From a recent doubting, in which I was fretting and fumbling with the material and the matter of the world, I went playing: fashioning the words of others - some of my favourite poets - into a poem of my own. An A-Z. The form, a cento, meaning patchwork, is a collage. You may doubt it's mine, but here it is...
At the empty windows set in the tall house
where fear leaps up inside me
bathed in such unkindly light
my body’ a sack of bones, broken within
unfaithfulness no longer hurts
in the lull before monsoon or typhoon
but like bright light through the bare tree
is a portmanteau of scream & babble or scrap
and here I am turning your trophies to scrap at an illicit viewing
but you do not have to forget
mourning and mirth are two extended wings
teetering on walkways that disappear
I have given up all hope for what was whole
the vacuous garment that limps at my heels as I go
like a medieval painting’s kindling
and with so much carrion in this graveyard for the sharp bones of my memory
to turn my teeth to knives
made out of soot, soup out of rust and,
we try to understand things, each in our own way
as an alchemist knows how to win your
sixty trillion cells, all drunk
with the live substance of a kiss
polished and repolished by the hands of strangers
they are frozen
when there is nobody on earth who hears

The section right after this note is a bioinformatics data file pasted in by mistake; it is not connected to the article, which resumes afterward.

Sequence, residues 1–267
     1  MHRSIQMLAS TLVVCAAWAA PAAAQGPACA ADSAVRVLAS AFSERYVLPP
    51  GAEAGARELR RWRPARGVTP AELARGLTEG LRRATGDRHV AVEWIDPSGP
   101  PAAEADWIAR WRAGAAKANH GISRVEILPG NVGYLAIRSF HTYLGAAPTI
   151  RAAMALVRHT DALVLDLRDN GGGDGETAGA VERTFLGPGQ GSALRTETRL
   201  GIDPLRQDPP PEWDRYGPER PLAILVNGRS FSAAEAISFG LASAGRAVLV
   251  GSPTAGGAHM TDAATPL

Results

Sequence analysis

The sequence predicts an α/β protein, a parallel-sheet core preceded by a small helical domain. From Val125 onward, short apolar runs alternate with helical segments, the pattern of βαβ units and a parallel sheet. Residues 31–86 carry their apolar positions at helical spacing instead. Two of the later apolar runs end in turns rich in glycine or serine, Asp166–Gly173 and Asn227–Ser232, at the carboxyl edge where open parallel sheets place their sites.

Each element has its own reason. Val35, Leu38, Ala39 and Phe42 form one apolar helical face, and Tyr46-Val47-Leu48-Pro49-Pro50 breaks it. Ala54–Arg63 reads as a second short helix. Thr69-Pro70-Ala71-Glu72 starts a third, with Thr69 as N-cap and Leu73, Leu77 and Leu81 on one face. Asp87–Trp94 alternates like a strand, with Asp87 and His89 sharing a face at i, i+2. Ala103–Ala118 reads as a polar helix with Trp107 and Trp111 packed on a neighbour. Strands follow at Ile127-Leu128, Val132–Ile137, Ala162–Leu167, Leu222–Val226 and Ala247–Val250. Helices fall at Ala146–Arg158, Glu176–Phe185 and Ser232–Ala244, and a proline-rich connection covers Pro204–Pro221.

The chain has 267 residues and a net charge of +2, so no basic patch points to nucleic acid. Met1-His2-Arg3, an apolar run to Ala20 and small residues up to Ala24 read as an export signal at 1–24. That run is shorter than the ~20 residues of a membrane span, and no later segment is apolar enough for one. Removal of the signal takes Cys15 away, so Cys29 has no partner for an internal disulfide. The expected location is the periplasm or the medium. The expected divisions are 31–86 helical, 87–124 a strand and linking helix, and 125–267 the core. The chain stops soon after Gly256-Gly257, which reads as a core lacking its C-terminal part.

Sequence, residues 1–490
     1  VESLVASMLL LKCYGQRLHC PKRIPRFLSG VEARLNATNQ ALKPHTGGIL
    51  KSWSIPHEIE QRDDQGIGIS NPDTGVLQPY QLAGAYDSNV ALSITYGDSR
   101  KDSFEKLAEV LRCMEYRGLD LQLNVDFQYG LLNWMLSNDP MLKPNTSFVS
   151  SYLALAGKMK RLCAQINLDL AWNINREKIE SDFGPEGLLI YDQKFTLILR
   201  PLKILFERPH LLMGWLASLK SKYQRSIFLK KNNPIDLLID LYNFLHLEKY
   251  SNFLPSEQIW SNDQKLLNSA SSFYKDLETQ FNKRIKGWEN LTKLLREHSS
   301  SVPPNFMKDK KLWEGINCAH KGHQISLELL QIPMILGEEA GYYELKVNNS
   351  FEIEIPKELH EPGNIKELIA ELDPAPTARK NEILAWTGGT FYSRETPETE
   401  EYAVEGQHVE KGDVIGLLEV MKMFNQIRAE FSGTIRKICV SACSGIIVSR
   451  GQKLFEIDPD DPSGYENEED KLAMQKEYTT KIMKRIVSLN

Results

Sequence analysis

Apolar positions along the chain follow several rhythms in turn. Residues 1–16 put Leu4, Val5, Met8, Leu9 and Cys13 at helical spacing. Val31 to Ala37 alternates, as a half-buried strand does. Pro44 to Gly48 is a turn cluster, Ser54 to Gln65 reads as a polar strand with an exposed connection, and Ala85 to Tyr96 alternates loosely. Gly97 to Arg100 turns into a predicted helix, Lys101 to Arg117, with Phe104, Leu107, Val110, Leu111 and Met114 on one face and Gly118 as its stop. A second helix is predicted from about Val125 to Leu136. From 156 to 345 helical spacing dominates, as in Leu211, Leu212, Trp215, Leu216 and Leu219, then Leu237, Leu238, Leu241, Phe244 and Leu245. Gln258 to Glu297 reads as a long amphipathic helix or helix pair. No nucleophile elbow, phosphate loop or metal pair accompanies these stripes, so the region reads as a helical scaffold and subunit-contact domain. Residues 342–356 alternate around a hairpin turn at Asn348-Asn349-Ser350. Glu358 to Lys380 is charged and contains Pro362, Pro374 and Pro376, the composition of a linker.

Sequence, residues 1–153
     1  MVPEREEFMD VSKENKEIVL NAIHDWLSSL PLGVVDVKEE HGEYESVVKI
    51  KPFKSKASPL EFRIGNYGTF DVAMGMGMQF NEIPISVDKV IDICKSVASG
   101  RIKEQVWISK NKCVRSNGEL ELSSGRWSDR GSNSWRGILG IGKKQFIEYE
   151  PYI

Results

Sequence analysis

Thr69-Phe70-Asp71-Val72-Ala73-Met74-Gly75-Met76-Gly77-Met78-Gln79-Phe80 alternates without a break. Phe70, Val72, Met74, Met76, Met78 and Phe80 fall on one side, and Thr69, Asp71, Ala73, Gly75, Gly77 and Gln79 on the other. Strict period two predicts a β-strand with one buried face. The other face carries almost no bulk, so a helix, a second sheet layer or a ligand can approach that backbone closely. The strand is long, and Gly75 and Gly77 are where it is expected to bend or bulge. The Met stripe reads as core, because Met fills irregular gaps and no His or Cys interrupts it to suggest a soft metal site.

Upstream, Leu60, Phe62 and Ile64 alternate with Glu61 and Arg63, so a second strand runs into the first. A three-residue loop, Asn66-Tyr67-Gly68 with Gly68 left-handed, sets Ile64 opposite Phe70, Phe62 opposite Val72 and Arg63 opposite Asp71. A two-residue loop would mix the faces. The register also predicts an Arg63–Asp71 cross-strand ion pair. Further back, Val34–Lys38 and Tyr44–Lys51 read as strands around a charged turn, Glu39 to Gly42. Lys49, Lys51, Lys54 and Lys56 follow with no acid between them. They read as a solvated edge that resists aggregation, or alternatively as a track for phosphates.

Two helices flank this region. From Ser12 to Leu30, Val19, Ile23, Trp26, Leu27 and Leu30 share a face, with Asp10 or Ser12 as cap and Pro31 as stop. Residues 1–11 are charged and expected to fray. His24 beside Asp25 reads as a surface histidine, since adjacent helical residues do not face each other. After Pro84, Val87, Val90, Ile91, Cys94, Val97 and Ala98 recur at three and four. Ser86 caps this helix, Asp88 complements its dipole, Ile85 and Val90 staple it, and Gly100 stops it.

nothing — you heard nothing.
[An A-Z through poetry. Sources in order of lines : Lot’s Wife, Anna Akhmatova/ A monologue of Prince Myshkin to the Ballet Pantomime of The Idiot, Ingeborg Bachman / The Fish, Billy Collins / His Picture, Elegie V, John Donne / No, never have I felt so tired, Sergei Esenin) / International Bridge Playing Women, Mark Ford / Vespers, Louise Glück / I’d played silence but later realised my word, Terence Hayes / Past caring, Mick Imlah / But you do not have to forget, Juan Ramón Jiménez /Lament 9, Jan Kochanowski / The Duckboards, Michael Longley / Migraine, Sinéad Morrisey / Whoever intends me harm, Pablo Neruda / The Haircut, Sharon Olds / A Musical Hell, Alejandra Pizarnik / ode to new money, Noel Quiñones / Daydreaming in the midst of spring labours, Aleksander Ristovic / The Silence of Plants, Wisława Szymborska / Wherever you are I can reach you, Marina Tsvetaeva / A drunkard, Ko Un / The Footsteps, Paul Valéry / The Divided Child, Derek Walcott / Empty Chairs, Liu Xia / A Father’s Ear, Yevgeny Yevtushenko / Siren and Signal, Louis Zukofsky]